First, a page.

Violent Night’s reviews call it an R-rated version of Die Hard meets Home Alone

David Harbour in Violent Night
(Image credit: Universal)

The first reviews for David Harbour’s bloody Christmas movie Violent Night are in – and they’re pretty mixed. Some critics are calling Tommy Wirkola’s movie a fun riff on the festive genre, while others are critical of its plot and length. 

Violent Night stars the Stranger Things actor as a downbeat Santa Claus, who’s lost the joy of dolling out presents each year. However, his night takes an unexpected turn when he hears one child’s pleas to help save her family from a brutal home invasion. 

We’ve rounded up what the reviews are saying about the new movie so you can decide for yourself whether it should be on your naughty or nice list this festive season.

Indie Wire – Kate Erbland 

"As Santa stomps and cuts and maims his way through the Lightstone mansion, with a giddy Trudy going full Home Alone to support him, Violent Night is often quite entertaining. But even as Wirkola and company ratchet up the violence and find still more clever ways to off the naughtiest of the naughty, a hefty sack of subplots, personal motivations, and nefarious double-crossings bog down what could have been the season’s most bloody good time (emphasis on the bloody)."

Variety – Owen Gleiberman

"David Harbour gives off of a ping of likability, and that makes him the right actor to play a down-in-the-dumps, vengeance-is-mine Santa who is really, beneath his bloody mottled gray curls, the Christmas mensch we want him to be. John Leguizamo, as always, refuses to phone anything in; as Scrooge the sociopath who hates Christmas, he makes every obscenity pop."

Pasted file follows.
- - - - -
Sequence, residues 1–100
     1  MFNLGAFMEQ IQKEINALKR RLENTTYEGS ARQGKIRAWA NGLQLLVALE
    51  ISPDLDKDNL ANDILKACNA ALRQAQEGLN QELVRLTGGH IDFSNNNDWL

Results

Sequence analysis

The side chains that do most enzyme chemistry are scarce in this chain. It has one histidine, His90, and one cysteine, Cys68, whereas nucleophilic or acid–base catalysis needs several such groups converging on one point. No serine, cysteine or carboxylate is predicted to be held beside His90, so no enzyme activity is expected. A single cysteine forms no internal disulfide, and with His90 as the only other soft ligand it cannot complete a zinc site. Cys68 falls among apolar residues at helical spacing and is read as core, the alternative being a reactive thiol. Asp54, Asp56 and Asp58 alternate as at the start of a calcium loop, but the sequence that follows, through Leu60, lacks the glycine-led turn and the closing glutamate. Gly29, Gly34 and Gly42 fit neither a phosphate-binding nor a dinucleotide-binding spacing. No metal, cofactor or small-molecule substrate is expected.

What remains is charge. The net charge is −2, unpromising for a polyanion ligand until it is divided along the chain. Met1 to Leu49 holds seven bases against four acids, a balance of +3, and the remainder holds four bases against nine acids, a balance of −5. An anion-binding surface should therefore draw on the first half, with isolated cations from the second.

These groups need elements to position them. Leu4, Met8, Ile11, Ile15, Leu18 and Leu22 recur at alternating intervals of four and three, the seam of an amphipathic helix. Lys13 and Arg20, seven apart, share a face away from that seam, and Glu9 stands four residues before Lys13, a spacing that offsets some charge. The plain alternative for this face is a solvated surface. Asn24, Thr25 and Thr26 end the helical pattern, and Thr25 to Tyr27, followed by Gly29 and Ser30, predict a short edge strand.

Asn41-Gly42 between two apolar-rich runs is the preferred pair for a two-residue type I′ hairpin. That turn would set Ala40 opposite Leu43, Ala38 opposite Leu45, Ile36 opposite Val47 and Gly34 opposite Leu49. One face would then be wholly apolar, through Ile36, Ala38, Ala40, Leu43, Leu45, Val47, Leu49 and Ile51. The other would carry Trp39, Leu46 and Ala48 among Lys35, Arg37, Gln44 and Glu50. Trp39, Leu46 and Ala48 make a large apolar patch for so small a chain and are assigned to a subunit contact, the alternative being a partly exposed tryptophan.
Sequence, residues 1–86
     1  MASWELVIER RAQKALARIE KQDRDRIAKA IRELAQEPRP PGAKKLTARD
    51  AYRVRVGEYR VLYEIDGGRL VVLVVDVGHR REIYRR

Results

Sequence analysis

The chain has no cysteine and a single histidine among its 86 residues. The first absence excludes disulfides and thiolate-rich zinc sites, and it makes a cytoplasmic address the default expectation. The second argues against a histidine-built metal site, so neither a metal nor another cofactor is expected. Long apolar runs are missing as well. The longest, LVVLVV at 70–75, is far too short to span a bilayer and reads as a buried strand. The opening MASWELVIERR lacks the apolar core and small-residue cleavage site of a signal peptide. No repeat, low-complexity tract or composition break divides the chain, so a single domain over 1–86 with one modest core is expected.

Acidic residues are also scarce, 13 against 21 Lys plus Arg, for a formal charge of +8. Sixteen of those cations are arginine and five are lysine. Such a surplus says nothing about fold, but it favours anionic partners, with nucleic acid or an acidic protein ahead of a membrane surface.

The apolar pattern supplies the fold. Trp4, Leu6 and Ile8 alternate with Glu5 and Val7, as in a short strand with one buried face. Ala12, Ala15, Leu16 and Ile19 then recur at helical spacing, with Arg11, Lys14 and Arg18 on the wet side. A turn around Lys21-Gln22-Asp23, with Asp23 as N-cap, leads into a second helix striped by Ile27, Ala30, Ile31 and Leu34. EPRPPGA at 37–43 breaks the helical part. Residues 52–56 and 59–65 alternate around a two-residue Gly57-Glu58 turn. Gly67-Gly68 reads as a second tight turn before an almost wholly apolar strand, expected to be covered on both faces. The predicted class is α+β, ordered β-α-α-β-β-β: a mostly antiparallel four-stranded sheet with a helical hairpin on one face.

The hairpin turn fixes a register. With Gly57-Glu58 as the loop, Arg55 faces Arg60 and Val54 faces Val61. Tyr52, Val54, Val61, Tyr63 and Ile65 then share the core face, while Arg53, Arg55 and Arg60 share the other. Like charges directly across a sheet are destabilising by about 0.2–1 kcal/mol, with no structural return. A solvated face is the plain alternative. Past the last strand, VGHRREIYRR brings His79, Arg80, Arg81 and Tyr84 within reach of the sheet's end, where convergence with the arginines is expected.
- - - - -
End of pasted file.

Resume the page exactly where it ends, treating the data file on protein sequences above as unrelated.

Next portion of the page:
Bloody Disgusting – Meagan Navarro – 3.5/5

"Violent Night doesn’t set out to reinvent the wheel, nor is it looking for any deep introspection on Christmas. Save for Trudy and her mother, it’s a case of naughty versus naughtier. It’s a simple, straightforward story of Santa saving Christmas, yet again, this time with a delightfully low-brow wink and an onslaught of grisly holiday surprises. Not even some silly dialogue or a pacing lull in the middle can slow down Santa’s lust for carnage here." – Patrick Cavanaugh

"There are expository sequences that run too long and narrative deviations that grind the story's momentum to a halt, and while the attempts to explain how Santa's history and how he could be so quick to become a bloodthirsty barbarian are admirable, the ideas aren't entirely fleshed out and leave us scratching our heads. Still, for genre fans who have been on the lookout for a worthy addition to their annual rotation of nontraditional holiday movies to watch each year, Violent Night has a surprising amount of heart for a movie whose focus is to deck the halls with broken bones and bloodshed."

The Guardian – Charles Bramesco – 2/5

"Not to be a Scrooge, but the occasional eye-gouge with a tree-topper star or string-light garotte only lends a frosty air of resourcefulness to a film with coal for brains. Any cleverness stops with its improvised weaponry, the sufficiently brutal smackdowns wedged in a half-baked plot like so many chunks of candied apricot in an underdone fruitcake."

Collider – Marco Vito Oddo

"It's not only Die Hard that Violent Night tries to mimic, as the movie directly connects to the Home Alone franchise. Without the restraints of a family-friendly rating, Violent Night can explore the realistic (and bloody) results of booby-trapping a home against robbers. Again, all this is masterfully executed for the audience's amusement, which results in a hilarious experience."

Violent Night hits theaters on December 2, here are all of the other upcoming movies on the way. If you’re in the festive spirit, we’ve also rounded up the best Christmas movies

Fay Watson
Deputy Entertainment Editor

I’m the Deputy Entertainment Editor here at GamesRadar+, covering TV and film for the Total Film and SFX sections online. I previously worked as a Senior Showbiz Reporter and SEO TV reporter at Express Online for three years. I've also written for The Resident magazines and Amateur Photographer, before specializing in entertainment.